BOISE, Idaho — The City of Boise will begin implementing the initial phase of Mayor Lauren McClean's reopening plan and that has some recreational amenities returning in Boise.
The Boise Parks & Recreation Department begins phase one on Monday and it will include opening Warm Springs Golf course on a limited basis and turning the wave at the whitewater park back on.
"Phase one is great because you can stand up surf and kayak surf," said Mikki Fritz, who does both. "I love it, it is a safe place to try new tricks."
The whitewater park is interesting because wave technicians can control the wave and during the stay-at-home order, they engineered it so there was no wave.
However, the newest addition to the whitewater park are two natural features that kayakers have been playing in; Fritz tells us social distancing in a kayak isn't very hard.
"It's a lot easier in a kayak, but stand up surfing is definitely possible," said Fritz.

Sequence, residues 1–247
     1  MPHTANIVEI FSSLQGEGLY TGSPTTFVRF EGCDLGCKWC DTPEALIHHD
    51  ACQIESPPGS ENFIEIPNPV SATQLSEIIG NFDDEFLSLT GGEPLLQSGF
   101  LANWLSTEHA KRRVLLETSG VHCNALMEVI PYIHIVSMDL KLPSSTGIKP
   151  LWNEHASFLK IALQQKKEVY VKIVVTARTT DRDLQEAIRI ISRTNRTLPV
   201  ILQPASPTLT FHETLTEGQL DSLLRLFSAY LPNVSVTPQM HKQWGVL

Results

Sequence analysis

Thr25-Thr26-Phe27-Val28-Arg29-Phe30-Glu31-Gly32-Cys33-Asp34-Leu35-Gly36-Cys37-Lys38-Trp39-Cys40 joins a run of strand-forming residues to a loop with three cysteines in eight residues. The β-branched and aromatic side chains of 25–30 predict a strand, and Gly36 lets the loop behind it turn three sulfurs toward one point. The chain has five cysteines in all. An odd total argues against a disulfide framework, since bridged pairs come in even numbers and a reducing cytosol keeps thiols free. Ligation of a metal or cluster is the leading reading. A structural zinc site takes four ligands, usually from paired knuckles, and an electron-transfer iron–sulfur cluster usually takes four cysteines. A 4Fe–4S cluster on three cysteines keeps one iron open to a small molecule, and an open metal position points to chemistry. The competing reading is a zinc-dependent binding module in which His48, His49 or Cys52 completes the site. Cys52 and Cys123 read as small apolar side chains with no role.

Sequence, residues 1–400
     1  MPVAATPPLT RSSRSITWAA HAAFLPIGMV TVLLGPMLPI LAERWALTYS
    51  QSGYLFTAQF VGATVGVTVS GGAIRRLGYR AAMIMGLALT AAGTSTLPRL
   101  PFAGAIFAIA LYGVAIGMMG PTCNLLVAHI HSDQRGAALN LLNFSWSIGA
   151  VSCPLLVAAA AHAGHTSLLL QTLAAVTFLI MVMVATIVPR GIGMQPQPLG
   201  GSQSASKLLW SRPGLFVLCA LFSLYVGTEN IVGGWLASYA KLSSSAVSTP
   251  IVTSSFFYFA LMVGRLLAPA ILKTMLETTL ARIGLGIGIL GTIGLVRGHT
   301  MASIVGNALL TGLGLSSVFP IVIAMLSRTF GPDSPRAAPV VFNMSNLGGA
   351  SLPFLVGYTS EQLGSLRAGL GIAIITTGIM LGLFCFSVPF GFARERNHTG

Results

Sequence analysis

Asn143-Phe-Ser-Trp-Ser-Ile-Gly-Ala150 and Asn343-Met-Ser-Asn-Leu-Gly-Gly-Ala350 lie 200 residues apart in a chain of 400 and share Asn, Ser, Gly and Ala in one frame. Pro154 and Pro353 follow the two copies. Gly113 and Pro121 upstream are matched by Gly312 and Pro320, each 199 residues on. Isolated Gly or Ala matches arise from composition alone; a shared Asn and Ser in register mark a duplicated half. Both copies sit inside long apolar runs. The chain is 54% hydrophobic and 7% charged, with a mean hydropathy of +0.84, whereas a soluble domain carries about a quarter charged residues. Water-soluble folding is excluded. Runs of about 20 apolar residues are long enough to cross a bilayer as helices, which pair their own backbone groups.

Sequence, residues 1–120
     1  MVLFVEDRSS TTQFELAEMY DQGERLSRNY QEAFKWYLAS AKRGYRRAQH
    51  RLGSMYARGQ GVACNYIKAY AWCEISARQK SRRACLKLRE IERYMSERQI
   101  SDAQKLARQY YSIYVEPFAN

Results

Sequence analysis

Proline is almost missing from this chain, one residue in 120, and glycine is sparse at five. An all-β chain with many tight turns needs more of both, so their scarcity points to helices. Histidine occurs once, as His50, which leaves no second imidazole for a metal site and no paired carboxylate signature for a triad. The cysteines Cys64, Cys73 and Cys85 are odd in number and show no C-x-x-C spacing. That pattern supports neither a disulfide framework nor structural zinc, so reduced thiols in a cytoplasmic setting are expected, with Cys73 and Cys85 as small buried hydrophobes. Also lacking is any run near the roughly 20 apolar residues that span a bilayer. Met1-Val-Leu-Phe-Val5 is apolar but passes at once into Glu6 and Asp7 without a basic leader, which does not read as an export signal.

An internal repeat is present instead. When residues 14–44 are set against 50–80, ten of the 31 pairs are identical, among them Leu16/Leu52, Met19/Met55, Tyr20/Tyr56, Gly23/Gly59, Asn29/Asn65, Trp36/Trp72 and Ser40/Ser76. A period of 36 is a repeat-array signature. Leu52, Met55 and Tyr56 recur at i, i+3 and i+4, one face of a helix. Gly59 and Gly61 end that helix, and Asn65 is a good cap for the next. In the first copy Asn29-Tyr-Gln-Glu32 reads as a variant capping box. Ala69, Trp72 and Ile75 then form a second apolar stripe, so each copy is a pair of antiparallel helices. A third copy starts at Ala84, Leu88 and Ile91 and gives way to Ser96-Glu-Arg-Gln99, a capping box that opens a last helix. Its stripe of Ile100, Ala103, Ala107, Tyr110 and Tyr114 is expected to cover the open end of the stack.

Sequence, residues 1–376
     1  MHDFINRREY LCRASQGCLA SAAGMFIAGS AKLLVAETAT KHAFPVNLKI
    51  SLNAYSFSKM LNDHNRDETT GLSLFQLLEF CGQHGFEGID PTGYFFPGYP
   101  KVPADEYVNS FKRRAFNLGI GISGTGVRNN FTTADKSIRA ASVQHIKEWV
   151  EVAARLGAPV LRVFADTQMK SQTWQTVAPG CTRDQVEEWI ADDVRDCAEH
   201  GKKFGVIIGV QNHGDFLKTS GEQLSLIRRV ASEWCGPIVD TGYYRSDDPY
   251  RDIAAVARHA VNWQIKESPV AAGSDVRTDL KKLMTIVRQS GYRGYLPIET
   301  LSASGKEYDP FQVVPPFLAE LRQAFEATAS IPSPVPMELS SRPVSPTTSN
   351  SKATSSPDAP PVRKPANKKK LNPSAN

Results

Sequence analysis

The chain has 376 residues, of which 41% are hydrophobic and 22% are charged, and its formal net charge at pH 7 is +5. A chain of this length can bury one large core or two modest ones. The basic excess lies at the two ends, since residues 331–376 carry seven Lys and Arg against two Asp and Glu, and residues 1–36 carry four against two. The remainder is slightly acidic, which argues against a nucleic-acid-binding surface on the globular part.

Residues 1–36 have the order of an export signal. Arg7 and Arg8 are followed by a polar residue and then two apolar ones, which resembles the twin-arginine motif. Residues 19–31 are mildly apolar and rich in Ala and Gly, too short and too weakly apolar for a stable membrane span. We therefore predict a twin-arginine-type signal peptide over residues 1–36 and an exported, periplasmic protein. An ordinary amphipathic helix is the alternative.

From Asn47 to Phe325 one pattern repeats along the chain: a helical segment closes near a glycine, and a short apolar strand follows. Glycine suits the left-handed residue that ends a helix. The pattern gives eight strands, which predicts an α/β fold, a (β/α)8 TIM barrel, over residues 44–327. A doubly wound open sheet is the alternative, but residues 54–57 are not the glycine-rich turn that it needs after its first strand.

Warm Springs golf course has also had an interesting story when the pandemic first hit the city closed the public course but reopened it after a response from the community.
However, social distancing didn't work very well and the city reverted to closing the course.
This time around the social distancing guidelines remain, the clubhouse is closed, golfers will need to pay for their round either online, or on the phone, there are no cart rentals and more protective measures are being put into place.
"You don't have to touch the stick when you get your ball out," said Doug Holloway, the Boise Parks & Rec director. "We have elevated the cups, so that makes that easy, ball washers have been removed from the course, there really is no opportunity to have any contact."
If people don't follow the social distancing guidelines the Parks & Rec department has shown the public they will close down their facilities, the best example is the chain-link fence that is currently surrounding Rhodes Skate Park.
"If some of that distancing isn't adhered to, users know that there is a possibility that it could be closed," said Holloway. "Any of the decisions we make could go backward depending on what happens with the COVID-19 virus as we move forward."
There is no timeline for the different phases and Holloway told us it's a fluid situation that depends on various factors as the city looks to start reopening recreational opportunities.
Here is a link to the five different phases and what the city plans to open on each phase, they announced on Friday that public outdoor pools would be closed this summer.